2. 2022 Schedule C (Form 1040) (
  3.  Yearly Average Currency Exchange Rates | Internal Revenue Service (
  4. 2022 Instructions for Schedule F (
  5.  2022 Instructions for Schedule G (Form 990) (
  6.  2022 Schedule H (Form 1040) (
  7.  2022 Schedule I (Form 1041) (
  8.  2022 Instructions for Schedule J (2022) | Internal Revenue Service (
  9.  2022 Schedule M (Form 990) (
  10.  Streamlined Filing Compliance Procedures | Internal Revenue Service (
  11.  Delinquent International Information Return Submission Procedures | Internal Revenue Service (

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Form 8858 - Frequently Asked Questions

  • Does filing a Foreign Disregarded Entity impact my self-employment tax?

    Possibly. When it comes to self-employment tax, a disregarded entity, including an FDE, does not change the self-employment tax treatment for its owner. For US expats who own an FDE that is not treated as a corporation for tax purposes, the income from the FDE is generally treated as self-employment income. Therefore, you would be subject to self-employment tax on that income.

  • Can expat business owners avoid penalties?

    The best way to avoid tax penalties is to submit all of your required forms & pay your tax bill on time. In some cases, you can avoid penalties if you weren’t aware you needed to file Form 8858, either through the Delinquent International Information Return Submission Procedures or the Streamlined Filing Compliance Procedures. In order to qualify for either of these procedures and avoid penalties, the IRS must not have already reached out to you. The IRS also cannot have an open criminal or civil investigation against you.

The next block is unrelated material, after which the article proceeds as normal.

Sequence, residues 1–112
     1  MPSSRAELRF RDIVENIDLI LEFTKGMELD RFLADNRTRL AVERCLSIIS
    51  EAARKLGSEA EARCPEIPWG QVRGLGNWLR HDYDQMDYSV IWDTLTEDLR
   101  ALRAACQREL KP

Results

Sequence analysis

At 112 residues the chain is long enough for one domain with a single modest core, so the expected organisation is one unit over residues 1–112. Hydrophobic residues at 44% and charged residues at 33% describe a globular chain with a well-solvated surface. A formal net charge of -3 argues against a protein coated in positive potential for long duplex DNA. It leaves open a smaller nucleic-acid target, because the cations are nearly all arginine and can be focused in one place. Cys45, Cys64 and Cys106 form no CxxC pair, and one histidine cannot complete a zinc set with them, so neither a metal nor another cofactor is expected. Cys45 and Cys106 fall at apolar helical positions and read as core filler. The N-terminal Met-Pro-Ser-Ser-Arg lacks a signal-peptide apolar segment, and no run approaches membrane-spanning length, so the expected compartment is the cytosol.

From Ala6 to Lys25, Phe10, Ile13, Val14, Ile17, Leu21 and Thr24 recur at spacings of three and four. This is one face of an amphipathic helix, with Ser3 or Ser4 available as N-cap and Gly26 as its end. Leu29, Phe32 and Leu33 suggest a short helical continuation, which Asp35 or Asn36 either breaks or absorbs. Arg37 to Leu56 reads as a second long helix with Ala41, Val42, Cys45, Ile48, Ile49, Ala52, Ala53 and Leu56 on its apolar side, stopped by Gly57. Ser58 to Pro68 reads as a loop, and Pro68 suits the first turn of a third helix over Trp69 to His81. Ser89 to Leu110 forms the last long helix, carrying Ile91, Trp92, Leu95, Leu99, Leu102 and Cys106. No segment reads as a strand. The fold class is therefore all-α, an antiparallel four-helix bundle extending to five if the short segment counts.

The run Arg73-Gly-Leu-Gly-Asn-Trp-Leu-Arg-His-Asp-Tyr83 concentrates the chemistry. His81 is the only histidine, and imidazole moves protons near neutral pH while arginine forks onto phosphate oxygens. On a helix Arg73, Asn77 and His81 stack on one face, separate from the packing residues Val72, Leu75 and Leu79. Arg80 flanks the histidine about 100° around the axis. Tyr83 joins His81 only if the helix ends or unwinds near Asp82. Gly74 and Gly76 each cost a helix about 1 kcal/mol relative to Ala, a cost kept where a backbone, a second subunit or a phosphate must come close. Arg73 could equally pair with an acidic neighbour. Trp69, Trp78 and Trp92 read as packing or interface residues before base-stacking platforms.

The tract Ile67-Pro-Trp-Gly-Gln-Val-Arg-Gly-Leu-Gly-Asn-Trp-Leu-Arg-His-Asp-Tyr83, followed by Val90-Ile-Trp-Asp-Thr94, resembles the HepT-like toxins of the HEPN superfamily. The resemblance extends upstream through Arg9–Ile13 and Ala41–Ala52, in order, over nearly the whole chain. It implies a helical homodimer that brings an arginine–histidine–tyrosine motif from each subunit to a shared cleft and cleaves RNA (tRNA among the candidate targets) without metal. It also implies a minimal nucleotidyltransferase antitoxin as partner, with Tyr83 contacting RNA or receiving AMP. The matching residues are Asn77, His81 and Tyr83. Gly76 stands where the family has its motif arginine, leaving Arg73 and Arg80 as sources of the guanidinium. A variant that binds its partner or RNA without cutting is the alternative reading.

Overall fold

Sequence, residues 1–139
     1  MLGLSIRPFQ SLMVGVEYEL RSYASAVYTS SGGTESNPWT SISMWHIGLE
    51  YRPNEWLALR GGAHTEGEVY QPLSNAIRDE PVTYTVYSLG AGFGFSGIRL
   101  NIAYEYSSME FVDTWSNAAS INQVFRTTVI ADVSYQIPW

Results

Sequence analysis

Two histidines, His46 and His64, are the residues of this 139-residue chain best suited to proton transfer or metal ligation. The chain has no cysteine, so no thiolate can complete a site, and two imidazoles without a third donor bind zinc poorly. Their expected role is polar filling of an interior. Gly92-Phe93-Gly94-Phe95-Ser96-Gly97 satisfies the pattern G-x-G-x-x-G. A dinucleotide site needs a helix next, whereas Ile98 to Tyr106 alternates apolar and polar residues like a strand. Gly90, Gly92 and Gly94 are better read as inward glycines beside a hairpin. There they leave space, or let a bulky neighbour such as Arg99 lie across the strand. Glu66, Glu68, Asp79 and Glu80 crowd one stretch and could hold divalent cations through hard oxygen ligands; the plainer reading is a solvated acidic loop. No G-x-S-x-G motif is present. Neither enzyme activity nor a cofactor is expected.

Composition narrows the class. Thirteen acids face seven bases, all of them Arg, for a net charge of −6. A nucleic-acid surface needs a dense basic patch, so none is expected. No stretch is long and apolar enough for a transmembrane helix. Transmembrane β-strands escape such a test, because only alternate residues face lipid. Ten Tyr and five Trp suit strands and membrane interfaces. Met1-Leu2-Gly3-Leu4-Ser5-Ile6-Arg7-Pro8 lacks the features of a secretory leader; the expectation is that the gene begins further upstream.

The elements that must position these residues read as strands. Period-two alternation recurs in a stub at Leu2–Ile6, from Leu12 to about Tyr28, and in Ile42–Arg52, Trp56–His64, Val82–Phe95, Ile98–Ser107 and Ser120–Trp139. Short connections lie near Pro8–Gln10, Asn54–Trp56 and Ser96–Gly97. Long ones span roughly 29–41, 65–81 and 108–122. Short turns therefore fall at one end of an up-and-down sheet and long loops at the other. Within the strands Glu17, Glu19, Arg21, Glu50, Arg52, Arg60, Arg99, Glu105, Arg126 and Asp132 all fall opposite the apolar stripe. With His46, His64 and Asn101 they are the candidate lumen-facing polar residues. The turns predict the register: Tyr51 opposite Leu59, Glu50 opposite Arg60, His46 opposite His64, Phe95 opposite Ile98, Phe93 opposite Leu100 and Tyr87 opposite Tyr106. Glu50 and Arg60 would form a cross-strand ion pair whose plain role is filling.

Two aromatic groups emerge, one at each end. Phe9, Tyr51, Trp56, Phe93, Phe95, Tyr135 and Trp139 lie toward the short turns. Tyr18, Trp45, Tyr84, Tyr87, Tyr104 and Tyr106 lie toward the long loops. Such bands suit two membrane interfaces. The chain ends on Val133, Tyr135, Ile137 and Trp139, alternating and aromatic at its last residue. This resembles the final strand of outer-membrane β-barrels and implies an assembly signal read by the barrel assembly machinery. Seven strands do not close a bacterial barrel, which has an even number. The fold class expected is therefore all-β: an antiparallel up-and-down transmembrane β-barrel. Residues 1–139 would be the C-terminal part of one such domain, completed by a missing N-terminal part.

• How does the Delinquent International Information Return Submission Procedure work?

    If you realized after tax day that you should have filed Form 8858, you can file it through the Delinquent International Information Return Submission Procedure11.

    But you can’t just submit this form to avoid penalties. Instead, you should submit a written statement that explains why you did not file this form on time. If you don’t submit a statement, you could face penalties.

    The IRS reviews each statement under this procedure on a case-by-case basis. There’s no guarantee you won’t face penalties, but a thorough statement will improve your chances of receiving penalty-free relief.

    You can submit statements for any past due Forms 8858 – unless the IRS has already notified you of your failure to file.

    To submit your statement and Form 8858, you’ll need to file an amended tax return.

    Bright!Tax can guide you through creating a statement that will improve your chances of avoiding penalties and help you file your amended tax return. If you’ve already received a notice from the IRS, a Bright!Tax CPA can walk you through the next steps to clean up your tax requirements.

  • What is the statute of limitations for the US to charge penalties if I fail to file Form 8858?

    While there is no promise that the IRS will not bring penalties against you for filing Form 8858 late, there is a statute of limitations during which the IRS can take action.

    If you have never filed Form 8858 and you’re required to, then the statute of limitations remains open. Therefore, the IRS can proceed with penalties or legal action at any time.

    If you do file, however, the IRS has three years to charge you with penalties or legal action. Three years after you file this form, the IRS cannot charge you with a new penalty.

    So, not filing means the IRS could come after you for penalties at any time. It’s best to catch up now and see if you qualify for amnesty, and, if not, do what you can to reduce your chances of higher penalties.